As Senate passes its student loan deal, which is better than student loan rates doubling but much worse than current student loan rates, I wonder if college is for enlightenment or for practical skills. I believe it should be for both but I think many people see a false dichotomy and think they have to choose.
The Huffington Post reports, “Democrats won a protection for students that rates would never climb higher than 8.25 percent for undergraduate students. Graduate students would not pay rates higher than 9.5 percent and parents’ rates would top out at 10.5 percent.”
These are the highest loans can ever be, in the immediate, this fall, undergraduate students will pay 3.85%, graduates 5.4% and parents 6.8% percent, a small but notable increase. Democratic Senator of Massachusetts Elizabeth Warren has called the government on its morality, suggesting that the $1.2 trillion national student loan debt is devouring Americans, while the Obama Administration and Department of Education make a profit.
Warren said, “Instead of helping our students, the government is making a profit on student loans. That is wrong. It is morally wrong. That is obscene. The government should not be making profits off the backs of our students.”
According to the CBO and the Department of Education budget documents the government has made $120 billion off student loans over the past 5 years and by 2023 it is estimated that, between then and now, they will make another $184 billion.
This is why I pose the question: is college for enlightenment or skills? My professors longed for the days of olden university, “Back then it wasn’t about grades. You’d choose a mentor, you’d read books and discuss them and when you and your mentor decided you had learned enough, you would move onto the next thing,” they would say. My professors, and myself, were more interested in learning how to think critically about the world around us, which is a skill in itself but not a tangible one. Those who cannot contextualize history, events, and problems can’t fully understand them and thus can’t reconcile them. I went to college to learn how to think with the hope that this would help me forge a path that could lead to a job.
There are many who are dismissive of this kind of rationalization because it is perceived as fiscally irresponsible. I would argue that the fiscal irresponsibility is at the fault of private institutions and the government who have turned colleges into business sectors instead of places where those of different classes, colors and creeds obtain access to the same opportunities.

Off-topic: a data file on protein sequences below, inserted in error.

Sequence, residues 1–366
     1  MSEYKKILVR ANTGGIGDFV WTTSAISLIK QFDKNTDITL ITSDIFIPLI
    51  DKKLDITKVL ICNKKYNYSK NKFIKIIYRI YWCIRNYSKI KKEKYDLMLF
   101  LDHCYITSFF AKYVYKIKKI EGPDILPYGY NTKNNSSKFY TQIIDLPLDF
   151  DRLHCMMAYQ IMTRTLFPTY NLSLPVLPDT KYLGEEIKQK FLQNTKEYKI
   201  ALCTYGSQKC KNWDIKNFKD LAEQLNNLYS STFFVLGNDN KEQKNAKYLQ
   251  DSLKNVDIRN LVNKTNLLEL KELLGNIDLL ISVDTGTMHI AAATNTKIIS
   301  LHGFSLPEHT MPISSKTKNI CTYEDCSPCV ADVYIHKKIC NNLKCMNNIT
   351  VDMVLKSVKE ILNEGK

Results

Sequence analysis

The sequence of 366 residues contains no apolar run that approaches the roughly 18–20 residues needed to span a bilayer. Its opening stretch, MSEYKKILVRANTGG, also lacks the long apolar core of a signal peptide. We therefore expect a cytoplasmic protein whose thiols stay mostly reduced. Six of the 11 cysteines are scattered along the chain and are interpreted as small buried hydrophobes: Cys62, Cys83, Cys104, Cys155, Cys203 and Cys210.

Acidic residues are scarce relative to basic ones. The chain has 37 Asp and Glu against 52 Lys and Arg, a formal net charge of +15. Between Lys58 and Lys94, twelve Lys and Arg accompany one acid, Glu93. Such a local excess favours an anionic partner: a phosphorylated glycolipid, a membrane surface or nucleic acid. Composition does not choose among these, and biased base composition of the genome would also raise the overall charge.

Education is a right, not a privilege but the United States has done its best to make it exclusive to those who can afford it. However, should we relate to the world the way we want it to be, a place where we are allowed to follow our passions and profit off of them because they are valued, or as it is, a place increasingly competitive with a lot less jobs?
I can’t answer that with any kind of certainty. What I can say is that money will solve a lot of your problems and it was naive to think that I didn’t “need” it to be happy. But I was seventeen years old and told to decide what I was supposed to do with the rest of my life without guidance from my parents or school, so there you go. However, a job that is practical and that you resent doing isn’t the key to happiness either. The people I know who are really good at things but don’t enjoy doing them are essentially very unhappy. We spend most of our waking life at work, so it needs to be something that brings positivity and not stress into our lives.
Writing, communication and social theory, the things I studied, aren’t exactly perceived as hard skills, so I found ways to add hard skills to the things I loved. I learned Photoshop, basic CSS, WordPress—things that would give me an edge over competitors because they were the things online editors had to use on a daily basis. I worked on campus and had five internships during college so that I had “real world” experience and office skills.
I guess the way I justified my choice for enlightenment and passion was to work really hard at finding environments where I could practice those things while having a hands on experience. No matter what you study in college, you miss out on what you chose not to study. If I could go back to college and learn a million different things and have a million different jobs throughout my life I would do that. But I can’t afford to do that and many can’t afford to do even one thing.
If you can translate your passion into a hard skill then that’s probably going to be the best path. Art = graphic design. Writing = publications. Science = research/pharmaceuticals/physicians. However, I do long for the experience where I could spend time with someone much older and much wiser and just sit down and discuss what things mean, instead of constantly trying to figure out how I can “sell” what I do.
The Senate’s student loan deal reflects one thing for sure, whether for enlightenment or practical skills, college is a for-profit business and much like any other business there is little concern for the consumer.
So why did you go to college? Enlightenment? Practical skills? Or both?